Holy Matrix, Batman!

Cheesy title – granted, but it was what just came to mind when I was reading some responses to my earlier blog on Great Sales Leaders. One of our sales community members was remarking about managing a team of people when none of that team actually report to him. This is one version of the classic matrix organization, which is a challenge to understand and “get,” and takes skill to manage. Personally, I have worked for several matrix organizations, and it is a unique way to work. It is of course funny to me when I bring this up to different sales professionals and I get a blank stare and some of them think I am speaking of the movie series…but I understand because so many of us in the sales community have worked for sales organizations with a more traditional sales reporting hierarchy. By the way, I have never seen the Matrix movies, and yes, I need to rectify that so I don’t get so many strange stares!

Sorry…I digress. What do I mean by a matrix organization? One where reporting lines are a mixture of hard and dotted line. An organization where you need to motivate and leverage people around you to achieve a common goal when none of them actually report to you. In essence, one could argue that we all work in some kind of a matrix. As sales campaigns becomes more complex and contain so many moving parts, we need the expertise of more people internally to help close the deal! A matrix organization requires that you have extraordinary collaborative skills. You must be able to influence and accept accountability for the result without formal authority of the people who are necessary to make the deal happen. If the concept of team selling is not second nature to you, then working the matrix will be frustrating for you as a sales professional. Not thriving in a matrix does not make you any less of a sales professional, but it does limit you to a degree, and it also limits your ability to do that all-important NETWORKING!! One great side benefit of effectively being a part of a matrix group is meeting people you would not usually meet and creating good relationships that might very well help you downstream.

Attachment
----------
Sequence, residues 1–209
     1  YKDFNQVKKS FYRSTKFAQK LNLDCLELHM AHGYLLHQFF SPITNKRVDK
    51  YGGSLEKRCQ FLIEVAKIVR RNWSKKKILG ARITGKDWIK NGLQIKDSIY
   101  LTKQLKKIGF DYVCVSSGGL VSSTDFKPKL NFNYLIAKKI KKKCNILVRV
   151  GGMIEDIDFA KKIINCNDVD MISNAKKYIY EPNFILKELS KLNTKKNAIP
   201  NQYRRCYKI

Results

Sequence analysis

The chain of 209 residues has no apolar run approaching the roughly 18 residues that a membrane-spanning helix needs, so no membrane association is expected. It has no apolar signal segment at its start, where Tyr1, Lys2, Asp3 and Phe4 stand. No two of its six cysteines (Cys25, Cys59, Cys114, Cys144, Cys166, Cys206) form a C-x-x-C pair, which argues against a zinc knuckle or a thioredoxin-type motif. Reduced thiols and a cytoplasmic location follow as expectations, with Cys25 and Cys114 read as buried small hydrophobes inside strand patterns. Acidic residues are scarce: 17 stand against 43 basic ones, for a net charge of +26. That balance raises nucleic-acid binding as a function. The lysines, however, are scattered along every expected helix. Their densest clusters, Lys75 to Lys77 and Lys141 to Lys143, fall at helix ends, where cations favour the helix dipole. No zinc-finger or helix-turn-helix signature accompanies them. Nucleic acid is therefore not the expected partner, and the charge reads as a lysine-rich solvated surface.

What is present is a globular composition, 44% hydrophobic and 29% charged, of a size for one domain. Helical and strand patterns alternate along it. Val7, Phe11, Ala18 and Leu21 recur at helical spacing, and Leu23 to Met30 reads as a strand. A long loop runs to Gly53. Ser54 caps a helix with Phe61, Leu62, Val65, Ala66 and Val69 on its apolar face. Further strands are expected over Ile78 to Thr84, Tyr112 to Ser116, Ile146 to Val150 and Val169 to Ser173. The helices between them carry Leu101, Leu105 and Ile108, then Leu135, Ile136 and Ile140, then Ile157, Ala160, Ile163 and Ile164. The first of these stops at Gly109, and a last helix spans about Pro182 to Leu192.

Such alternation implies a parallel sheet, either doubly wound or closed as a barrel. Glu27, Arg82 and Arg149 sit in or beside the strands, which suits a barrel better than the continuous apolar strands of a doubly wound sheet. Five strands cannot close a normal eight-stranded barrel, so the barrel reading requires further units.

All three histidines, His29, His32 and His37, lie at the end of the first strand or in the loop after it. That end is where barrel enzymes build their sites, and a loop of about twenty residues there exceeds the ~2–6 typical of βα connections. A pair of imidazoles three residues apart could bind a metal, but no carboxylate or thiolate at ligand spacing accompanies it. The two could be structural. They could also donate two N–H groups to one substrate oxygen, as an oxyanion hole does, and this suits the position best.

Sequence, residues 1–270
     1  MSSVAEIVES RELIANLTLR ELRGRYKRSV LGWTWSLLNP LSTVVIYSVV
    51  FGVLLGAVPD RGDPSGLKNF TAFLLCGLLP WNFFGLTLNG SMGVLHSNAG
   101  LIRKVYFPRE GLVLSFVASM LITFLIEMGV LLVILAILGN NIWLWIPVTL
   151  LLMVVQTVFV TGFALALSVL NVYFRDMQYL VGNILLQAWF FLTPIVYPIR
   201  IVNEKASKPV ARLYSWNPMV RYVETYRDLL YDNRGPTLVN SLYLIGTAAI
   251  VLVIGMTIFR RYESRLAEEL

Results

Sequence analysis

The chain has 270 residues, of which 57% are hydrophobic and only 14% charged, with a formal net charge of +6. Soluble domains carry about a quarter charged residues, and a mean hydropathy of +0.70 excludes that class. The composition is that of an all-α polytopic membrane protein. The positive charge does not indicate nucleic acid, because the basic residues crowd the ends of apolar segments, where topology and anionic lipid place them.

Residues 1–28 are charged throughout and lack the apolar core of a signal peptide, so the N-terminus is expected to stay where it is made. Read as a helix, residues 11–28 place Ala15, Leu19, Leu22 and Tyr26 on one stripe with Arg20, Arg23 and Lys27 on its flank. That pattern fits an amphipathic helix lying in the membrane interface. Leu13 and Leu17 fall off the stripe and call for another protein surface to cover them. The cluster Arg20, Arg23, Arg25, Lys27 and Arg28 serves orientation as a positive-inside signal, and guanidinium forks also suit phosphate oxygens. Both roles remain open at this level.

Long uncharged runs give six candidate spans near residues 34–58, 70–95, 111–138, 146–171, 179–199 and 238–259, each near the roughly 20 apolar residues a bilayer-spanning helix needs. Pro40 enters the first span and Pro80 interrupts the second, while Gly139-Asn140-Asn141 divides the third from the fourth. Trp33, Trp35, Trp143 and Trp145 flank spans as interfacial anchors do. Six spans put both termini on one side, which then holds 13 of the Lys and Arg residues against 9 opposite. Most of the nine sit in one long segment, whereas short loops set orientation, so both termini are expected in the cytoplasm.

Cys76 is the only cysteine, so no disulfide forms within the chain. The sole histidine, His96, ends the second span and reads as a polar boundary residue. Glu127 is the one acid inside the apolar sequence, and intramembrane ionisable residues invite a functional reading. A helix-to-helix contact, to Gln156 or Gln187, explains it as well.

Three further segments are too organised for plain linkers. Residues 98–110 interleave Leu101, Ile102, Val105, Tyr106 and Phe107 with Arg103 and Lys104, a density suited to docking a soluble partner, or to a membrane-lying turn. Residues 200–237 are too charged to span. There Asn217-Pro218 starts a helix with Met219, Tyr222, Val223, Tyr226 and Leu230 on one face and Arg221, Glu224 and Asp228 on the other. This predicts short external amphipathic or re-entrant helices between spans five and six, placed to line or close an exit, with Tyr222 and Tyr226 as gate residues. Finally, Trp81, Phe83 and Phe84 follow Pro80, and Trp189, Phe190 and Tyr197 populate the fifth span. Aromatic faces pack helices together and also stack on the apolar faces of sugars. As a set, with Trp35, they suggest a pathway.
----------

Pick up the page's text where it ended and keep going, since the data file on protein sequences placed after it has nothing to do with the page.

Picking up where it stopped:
So, “working the matrix” is no walk in the park. Let me hear from you about your experiences and how you made the matrix work for you.

Good Selling.


7 thoughts on “Holy Matrix, Batman!”

  1. Todd – Glad this idea spawned its own topic. Aside from what was attested previously regarding relying on my sales leader for feedback and coaching, some other “working the matrix” tips I have are:

    View everyone within the matrix as a “customer”. As an internal customer, I am selling them my personal brand and the vision for our team. It rallies them to you now in the near term, and as you mention, you have great contacts within the business for help with future moves and opportunities.

    Understand, as you intimated, that Leadership without authority requires a great deal of influence and collaboration. Know that everyone within the matrix is individual, and as such needs to be treated individually. Maxwell’s “360 Degree Leadership” and Sanborn’s “You Don’t Need a Title to Be a Leader” are great lessons in how to lead “around”, “down”, and “out” to other team members when you don’t wield the big stick.